Source: Hiking in Japan
It’s the winter of 2007, and I’m hiking along an isolated track called the Kogumotori-goe in southern Wakayama Prefecture with my newlywed wife Kanako. The faint, poorly-marked trail leads up to a viewpoint flanked by a large weather-beaten jizō statue. Armed with a Japanese magazine about the Kumano Kodō, we scan the kanji text and barebones descriptions to find that we’ve reached the Hyakken-gura tenbōdai. We pause here, admiring the splendid views while poring over the limited knowledge in our less-than-ideal information source.
Had we been armed with Cicerone’s latest guide to the Kumano Kodo, Kanako and I would have been in much better hands and definitely would have taken a bus to Yunomine Onsen instead of opting for the extra 6km uphill walk on a paved roadway at dusk.
The Kumano Kodō has come a long way since our fateful walk a dozen years ago. Since becoming a World Heritage site in 2004, Wakayama Prefecture has invested an immense amount of money into both promoting and maintaining the Nakahechi route, adopting the ‘if you build it he will come‘ philosophy that would make Kevin Costner proud. Indeed, the Field of Kumano Dreams has not only brought in the tourists, but has put the Kumano Kodō on the world stage by teaming up with the Camino de Santaigo to form a dual pilgrim program and creating an English-language support network connecting visitors to the many inns and facilities along the way. This has resulted in a 40-fold increase in overseas visitors compared to just a decade ago.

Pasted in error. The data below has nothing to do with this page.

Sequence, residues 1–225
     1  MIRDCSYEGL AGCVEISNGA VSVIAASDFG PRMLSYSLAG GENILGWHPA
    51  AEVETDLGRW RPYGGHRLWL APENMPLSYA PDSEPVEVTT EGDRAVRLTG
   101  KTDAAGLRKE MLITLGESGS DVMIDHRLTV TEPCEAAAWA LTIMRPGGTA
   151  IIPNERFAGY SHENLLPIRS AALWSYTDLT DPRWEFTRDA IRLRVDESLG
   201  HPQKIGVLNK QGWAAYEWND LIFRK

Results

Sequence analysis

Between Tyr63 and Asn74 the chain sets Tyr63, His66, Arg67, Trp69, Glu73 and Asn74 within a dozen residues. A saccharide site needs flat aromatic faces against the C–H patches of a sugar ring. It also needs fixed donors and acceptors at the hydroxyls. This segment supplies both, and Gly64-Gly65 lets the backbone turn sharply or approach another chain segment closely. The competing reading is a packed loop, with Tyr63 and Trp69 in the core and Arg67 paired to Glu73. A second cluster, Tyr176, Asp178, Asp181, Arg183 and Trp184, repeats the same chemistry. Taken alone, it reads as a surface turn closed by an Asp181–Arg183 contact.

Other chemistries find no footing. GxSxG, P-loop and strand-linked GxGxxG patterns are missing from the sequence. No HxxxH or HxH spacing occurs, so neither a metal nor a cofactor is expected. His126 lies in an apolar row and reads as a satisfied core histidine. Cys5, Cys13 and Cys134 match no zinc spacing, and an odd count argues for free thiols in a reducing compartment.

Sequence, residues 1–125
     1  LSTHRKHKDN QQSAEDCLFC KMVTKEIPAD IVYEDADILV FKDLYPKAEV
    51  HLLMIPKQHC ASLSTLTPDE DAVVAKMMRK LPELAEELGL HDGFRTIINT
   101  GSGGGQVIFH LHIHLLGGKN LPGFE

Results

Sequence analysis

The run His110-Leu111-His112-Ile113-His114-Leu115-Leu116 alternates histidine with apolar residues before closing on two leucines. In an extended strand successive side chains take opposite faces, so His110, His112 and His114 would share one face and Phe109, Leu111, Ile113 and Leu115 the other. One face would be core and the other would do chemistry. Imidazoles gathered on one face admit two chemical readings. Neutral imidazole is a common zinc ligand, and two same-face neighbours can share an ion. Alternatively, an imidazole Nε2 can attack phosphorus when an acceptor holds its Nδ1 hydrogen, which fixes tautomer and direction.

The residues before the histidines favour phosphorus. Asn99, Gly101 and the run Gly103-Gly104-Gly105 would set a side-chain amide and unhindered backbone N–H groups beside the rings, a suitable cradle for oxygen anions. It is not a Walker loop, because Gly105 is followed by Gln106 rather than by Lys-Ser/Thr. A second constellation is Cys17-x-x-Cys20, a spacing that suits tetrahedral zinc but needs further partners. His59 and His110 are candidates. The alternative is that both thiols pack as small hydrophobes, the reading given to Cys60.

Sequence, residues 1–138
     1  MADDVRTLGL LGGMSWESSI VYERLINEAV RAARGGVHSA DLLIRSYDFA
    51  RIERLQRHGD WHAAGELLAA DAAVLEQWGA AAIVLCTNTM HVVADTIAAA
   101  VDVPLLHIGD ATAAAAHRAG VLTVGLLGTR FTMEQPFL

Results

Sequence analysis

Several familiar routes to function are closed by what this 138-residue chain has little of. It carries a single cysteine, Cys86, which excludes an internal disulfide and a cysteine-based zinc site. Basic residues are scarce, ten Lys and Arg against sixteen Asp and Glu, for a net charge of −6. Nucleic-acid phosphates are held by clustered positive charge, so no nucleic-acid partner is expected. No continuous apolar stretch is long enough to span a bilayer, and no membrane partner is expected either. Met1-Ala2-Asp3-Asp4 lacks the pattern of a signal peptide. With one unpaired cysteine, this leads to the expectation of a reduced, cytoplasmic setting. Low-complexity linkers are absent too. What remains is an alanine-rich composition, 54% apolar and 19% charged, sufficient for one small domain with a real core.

But I really don’t need to tell you all that. One quick net search will reveal a wealth of information about the riches of Wakayama Prefecture, and it’s one reason why I haven’t devoted much of my server space to the Kumano Kodō …continue reading